Sandra Sulyma, a local resident, was confused and taken aback when visitors to her property requested access for a crew surveying for “a development.”
Sulyma was at her home on the Stuart River on Sunday, June 23 with her two children when two unexpected visitors came down her driveway in hi-visibility vests.
The visitors eventually identified themselves as being from the Skin Tyee Nation, on the south side of Burns Lake.
Sulyma said they requested access to her property to do some surveying to get soil, environmental and cultural information on the area for a development, which they seemed reluctant to specify.
“So I was curious,” said Sulyma, who said she asked them “What exactly do you mean by ‘development’?”
She said it took about a half hour of persistent questioning on her part to discover the visitors were working with Enbridge on the Northern Gateway Pipeline Project.
“Initially I was thinking, ‘oh ya, that sounds fine,’” said Sulyma, because of the First Nations interest the two stated. But she then changed her mind once she knew the group they were with was doing work for Enbridge.
“It was at that point that the whole atmosphere of the conversation changed,” she said.
Sulyma then began asking the pair if they knew anything about local groups such as the Fort St. James Sustainability Group and the District of Fort St. James and their roles in the intervenor process.
Sulyma said they indicated no knowledge of the groups or their public opposition to the Northern Gateway Project.
“Which shocked me,” she said.
While she said the pair were polite and respectful, she was surprised Enbridge had not informed them of the local concerns and the fact Sulyma herself is a registered intervenor in the process.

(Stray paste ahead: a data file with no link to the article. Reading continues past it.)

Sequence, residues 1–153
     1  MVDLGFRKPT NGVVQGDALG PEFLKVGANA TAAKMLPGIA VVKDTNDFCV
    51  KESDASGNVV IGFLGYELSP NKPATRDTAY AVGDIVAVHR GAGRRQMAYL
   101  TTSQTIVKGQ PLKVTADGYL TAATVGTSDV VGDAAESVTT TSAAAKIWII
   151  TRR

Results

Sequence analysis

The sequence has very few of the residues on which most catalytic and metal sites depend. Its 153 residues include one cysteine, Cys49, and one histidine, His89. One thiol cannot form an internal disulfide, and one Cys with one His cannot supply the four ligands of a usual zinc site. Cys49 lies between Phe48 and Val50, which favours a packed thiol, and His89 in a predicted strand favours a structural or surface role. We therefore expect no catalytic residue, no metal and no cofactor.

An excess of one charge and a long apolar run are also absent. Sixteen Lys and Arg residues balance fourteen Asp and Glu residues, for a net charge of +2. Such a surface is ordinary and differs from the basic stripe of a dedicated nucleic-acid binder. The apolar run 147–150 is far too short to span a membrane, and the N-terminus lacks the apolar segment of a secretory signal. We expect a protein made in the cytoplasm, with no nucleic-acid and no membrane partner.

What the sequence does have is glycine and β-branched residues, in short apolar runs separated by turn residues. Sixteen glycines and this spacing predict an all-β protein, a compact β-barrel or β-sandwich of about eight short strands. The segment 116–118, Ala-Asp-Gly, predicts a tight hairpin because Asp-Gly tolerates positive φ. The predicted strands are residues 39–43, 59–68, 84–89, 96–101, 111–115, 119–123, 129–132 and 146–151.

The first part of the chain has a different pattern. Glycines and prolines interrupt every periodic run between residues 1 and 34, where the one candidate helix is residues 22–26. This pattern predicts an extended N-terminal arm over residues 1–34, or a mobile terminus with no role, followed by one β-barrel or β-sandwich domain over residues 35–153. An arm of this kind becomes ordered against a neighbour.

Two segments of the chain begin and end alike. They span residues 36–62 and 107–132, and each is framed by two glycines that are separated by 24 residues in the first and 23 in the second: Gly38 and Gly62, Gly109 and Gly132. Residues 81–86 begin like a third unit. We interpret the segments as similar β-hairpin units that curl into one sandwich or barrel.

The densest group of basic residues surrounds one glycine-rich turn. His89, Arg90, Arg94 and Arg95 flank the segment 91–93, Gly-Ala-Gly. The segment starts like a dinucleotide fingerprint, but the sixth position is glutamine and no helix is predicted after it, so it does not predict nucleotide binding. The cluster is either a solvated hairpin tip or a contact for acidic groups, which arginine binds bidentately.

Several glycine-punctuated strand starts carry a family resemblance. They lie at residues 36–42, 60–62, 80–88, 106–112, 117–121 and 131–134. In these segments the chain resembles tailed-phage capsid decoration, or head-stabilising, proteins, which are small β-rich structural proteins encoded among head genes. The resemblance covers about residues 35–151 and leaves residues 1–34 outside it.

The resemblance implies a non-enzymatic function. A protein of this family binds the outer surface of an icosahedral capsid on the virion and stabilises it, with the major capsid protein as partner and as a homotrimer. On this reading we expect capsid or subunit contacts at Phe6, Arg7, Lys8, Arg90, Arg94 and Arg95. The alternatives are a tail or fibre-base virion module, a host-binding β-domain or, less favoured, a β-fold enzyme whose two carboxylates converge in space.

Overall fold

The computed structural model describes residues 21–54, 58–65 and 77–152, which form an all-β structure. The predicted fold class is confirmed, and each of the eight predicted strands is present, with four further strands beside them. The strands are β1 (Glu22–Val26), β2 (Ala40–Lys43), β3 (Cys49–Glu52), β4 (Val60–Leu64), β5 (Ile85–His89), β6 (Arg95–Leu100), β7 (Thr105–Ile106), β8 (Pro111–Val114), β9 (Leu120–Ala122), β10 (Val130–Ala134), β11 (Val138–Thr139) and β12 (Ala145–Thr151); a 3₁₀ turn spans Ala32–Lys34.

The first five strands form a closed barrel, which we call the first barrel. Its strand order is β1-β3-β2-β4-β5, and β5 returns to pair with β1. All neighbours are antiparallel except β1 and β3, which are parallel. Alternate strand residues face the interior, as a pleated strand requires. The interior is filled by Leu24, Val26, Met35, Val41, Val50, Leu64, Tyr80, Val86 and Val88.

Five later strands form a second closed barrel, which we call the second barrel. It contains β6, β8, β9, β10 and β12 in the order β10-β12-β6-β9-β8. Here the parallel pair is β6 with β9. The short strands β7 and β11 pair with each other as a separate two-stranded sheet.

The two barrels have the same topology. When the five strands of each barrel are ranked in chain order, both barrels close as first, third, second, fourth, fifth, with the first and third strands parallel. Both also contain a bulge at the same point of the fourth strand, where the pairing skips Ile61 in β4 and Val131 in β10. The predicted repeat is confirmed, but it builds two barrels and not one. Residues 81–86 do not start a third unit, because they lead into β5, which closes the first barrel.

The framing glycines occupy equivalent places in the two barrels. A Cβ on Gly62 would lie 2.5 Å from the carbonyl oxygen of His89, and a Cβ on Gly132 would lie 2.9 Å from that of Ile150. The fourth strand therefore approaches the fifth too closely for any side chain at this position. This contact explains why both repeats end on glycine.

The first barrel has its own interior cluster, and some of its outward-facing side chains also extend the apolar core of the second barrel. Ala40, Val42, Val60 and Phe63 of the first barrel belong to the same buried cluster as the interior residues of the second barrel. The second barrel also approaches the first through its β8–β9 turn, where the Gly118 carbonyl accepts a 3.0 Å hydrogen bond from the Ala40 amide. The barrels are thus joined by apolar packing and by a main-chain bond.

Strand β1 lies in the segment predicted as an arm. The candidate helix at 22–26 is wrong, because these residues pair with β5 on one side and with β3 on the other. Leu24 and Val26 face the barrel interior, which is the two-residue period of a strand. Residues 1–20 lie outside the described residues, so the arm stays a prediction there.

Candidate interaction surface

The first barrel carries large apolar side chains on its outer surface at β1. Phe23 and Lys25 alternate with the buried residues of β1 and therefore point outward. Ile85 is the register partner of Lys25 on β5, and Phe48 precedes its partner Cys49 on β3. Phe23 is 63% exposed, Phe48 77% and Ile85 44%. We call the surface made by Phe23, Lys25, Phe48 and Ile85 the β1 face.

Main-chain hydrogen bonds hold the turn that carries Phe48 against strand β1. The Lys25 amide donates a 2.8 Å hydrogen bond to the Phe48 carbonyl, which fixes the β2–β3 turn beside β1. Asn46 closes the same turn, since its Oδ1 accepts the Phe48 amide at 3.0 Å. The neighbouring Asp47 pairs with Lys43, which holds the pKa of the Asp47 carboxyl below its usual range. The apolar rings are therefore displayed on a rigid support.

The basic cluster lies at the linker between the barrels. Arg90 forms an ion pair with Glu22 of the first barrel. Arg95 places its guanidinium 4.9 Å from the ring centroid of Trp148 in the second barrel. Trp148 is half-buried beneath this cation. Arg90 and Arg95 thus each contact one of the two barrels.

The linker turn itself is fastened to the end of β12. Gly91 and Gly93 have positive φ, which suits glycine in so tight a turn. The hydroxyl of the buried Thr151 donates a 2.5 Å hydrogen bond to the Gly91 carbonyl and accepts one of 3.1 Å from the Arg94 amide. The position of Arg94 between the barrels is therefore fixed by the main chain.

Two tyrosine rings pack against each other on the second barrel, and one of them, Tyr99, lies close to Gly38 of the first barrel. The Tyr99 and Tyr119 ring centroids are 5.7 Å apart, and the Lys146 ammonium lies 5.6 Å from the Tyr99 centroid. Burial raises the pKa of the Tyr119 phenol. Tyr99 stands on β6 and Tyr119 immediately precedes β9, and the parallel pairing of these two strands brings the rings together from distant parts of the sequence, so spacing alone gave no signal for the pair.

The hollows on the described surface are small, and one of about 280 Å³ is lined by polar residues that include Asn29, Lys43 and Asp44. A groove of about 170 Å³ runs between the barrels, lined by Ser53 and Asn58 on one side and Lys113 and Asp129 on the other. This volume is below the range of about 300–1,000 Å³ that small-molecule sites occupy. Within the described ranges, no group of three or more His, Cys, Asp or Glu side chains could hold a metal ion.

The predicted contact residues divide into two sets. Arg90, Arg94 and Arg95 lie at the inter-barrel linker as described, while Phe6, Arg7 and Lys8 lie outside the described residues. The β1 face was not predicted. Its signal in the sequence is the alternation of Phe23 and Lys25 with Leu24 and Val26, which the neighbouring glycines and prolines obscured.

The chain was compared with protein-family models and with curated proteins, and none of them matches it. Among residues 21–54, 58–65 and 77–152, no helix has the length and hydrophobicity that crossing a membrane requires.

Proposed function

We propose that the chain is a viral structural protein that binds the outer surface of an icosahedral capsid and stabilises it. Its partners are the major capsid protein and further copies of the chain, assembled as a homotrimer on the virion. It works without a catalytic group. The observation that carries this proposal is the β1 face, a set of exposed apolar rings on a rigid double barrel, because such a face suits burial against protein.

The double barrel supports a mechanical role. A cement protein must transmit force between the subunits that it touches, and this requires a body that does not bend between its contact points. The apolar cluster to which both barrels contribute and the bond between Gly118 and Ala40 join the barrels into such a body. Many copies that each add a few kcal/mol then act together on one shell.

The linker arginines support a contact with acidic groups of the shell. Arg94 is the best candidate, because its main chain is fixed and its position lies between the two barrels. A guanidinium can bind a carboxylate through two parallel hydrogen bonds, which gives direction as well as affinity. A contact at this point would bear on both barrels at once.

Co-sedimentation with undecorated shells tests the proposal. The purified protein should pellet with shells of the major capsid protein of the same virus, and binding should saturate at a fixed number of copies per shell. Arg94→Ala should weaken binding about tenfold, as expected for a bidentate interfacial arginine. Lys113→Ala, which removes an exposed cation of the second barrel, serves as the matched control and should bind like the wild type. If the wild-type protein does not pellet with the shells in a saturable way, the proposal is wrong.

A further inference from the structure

She also said she would have liked to have had prior warning from Enbridge and there should have been an effort to set up a meeting, instead of showing up unannounced.
The entire incident left Sulyma feeling motivated to reconvene with the local landowner group to make sure everyone is well informed about their rights, as she said some people might not realize until the project is approved, or there is a written agreement in place with the landowner, landowners can deny companies access to their property.
Sulyma said she has had little contact with Enbridge in terms of consultation; she and her husband Randy were visited by an Enbridge representative two or three years ago. After requesting further information, she has never heard back from the company or their representative.
“It seems like landowners are somewhat of an afterthought,” said Sulyma. She also said landowners should not have to be intervenors in the complicated joint review process in order to have their concerns taken into account.
“They’re impacting our land,” she said.
Enbridge spokesman Ivan Giesbrecht said the visitors were not employees of Enbridge, they were community members providing local knowledge.
“We were working in the area doing some visual reconnaissance,” said Giesbrecht. “They do not work for Enbridge nor do they speak on our behalf.”
Giesbrecht said the company has strict protocols not to enter onto private land without clear and prior consent and reconnaissance was meant to be going on only on Crown Land.